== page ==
Geological Survey Program
Sinkholes in Missouri
We provide assistance to the citizens of Missouri by evaluating the causes and impacts of sinkhole formation and collapse. Geologists perform geologic and hydrologic evaluation to determine if collapse is attributed to a natural karst feature or is associated with the failure of a man-made feature.
No one was injured following this sinkhole collapse that occurred in 2006 in the southwest Missouri town of Nixa.
- The map below depicts sinkholes that have been documented by the program or are found on U.S. Geological Survey topographic maps.
- The Geological Survey Program has verified 15,981 sinkholes in Missouri.
- Many more exist that have not been reported to or documented by program geologists.
- Records are not kept about depth, but we know some are greater than 100 feet deep.
- The largest known sinkhole in Missouri encompasses about 700 acres in western Boone County southeast of where Interstate 70 crosses the Missouri River.
Create a map showing sinkholes that have been reported to the program or are on U.S. Geological Survey topographic maps. Other sinkholes may exist that have not been reported to the program. Download a brochure about geologic hazards that provides additional information about sinkhole and mine collapse, landslides, and earthquakes.
What is a Sinkhole?
Sinkholes are depressed or collapsed areas formed by dissolution of carbonate bedrock or collapse of underlying caves. They range in size from several square yards to hundreds of acres and may be very shallow or hundreds of feet deep. Sinkholes are part of what is called karst topography, which also includes caves, springs and losing streams.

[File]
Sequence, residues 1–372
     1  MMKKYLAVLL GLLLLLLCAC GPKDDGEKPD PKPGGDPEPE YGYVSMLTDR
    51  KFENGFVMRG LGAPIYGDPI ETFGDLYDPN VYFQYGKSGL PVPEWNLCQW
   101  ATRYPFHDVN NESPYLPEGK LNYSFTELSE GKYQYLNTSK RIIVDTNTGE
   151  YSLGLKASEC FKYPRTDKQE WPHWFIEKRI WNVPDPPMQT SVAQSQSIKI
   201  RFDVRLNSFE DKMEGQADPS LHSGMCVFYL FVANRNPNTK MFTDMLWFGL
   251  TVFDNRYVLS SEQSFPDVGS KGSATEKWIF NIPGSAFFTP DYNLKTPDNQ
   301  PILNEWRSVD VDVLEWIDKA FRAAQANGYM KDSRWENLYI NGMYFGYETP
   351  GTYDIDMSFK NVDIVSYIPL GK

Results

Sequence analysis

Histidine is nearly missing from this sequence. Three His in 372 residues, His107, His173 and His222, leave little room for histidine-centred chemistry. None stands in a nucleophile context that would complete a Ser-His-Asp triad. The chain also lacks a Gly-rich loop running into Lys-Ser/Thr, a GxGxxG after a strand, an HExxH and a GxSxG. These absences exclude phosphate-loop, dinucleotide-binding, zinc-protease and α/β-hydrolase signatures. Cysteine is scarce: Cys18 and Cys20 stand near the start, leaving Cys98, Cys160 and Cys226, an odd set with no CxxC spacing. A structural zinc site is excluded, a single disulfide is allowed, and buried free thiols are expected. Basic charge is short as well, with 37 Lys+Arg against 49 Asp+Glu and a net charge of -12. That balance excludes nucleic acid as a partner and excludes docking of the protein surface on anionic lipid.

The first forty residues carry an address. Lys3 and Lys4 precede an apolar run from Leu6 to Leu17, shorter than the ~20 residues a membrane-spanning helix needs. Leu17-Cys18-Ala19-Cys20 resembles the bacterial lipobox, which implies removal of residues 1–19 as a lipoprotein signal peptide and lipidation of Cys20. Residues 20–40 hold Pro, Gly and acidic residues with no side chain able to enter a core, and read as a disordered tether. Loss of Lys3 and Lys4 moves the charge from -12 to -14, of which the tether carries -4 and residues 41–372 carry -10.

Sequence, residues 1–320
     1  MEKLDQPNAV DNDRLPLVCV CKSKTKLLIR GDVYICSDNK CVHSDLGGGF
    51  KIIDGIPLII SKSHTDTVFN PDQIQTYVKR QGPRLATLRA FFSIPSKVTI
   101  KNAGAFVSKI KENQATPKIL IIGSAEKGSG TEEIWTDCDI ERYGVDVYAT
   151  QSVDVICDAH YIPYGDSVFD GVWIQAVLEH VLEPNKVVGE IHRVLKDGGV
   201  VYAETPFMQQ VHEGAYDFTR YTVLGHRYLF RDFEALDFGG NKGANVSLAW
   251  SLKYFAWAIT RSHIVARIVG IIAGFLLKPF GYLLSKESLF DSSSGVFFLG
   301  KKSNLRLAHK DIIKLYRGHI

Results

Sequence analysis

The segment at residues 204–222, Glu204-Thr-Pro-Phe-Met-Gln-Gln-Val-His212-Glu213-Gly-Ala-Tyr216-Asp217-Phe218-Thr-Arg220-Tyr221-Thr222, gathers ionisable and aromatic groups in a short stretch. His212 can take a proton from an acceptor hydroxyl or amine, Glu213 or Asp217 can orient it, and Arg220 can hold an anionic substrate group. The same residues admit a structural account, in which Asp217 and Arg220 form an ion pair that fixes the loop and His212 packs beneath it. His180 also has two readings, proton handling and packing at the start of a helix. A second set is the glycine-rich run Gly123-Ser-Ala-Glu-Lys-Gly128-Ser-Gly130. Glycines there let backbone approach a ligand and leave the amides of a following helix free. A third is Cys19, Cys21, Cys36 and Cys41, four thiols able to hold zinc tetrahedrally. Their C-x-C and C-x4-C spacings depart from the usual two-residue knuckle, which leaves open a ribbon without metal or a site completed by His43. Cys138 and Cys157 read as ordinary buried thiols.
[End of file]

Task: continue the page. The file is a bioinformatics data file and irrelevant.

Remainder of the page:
Much of the state is underlain by carbonate bedrock that has the potential for karst development. Water moving through tiny cracks in limestone and dolomite slowly dissolves the rock and carries it away in solution. Through this process, large caves and caverns can develop in the subsurface. As rock is removed, the soil above washes into the void space. With time, sinkholes form on the surface.
While many sinkholes occur as circular, bowl shaped depressions, others are not readily visible on the surface because voids are plugged or capped with soil or thin layers of rock. The sinkholes begin with slow soil piping (erosion) over a long period. When the soil above the void can no longer support itself, it collapses to reveal a deep hole that connects to an underlying bedrock opening. These voids may be discovered during excavation, by drilling or through geophysical exploration.
Residential and commercial development in a karst area can pose environmental and logistical problems. Aside from structurally impacting foundations of homes and other buildings, sinkholes often serve as direct conduits for rapid surface water infiltration into the underlying groundwater aquifer. Contaminants near or at the surface can quickly enter the aquifer and pollute drinking water supplies. Increased stormwater runoff resulting from parking lots, highways and household guttering often is diverted into sinkholes. The increased inflow of water not only can transport contaminants but also can lead to the accelerated development and growth of sinkholes. Managing stormwater runoff and waste disposal in sinkhole-prone areas is important to maintain good groundwater quality and prevent environmental contamination.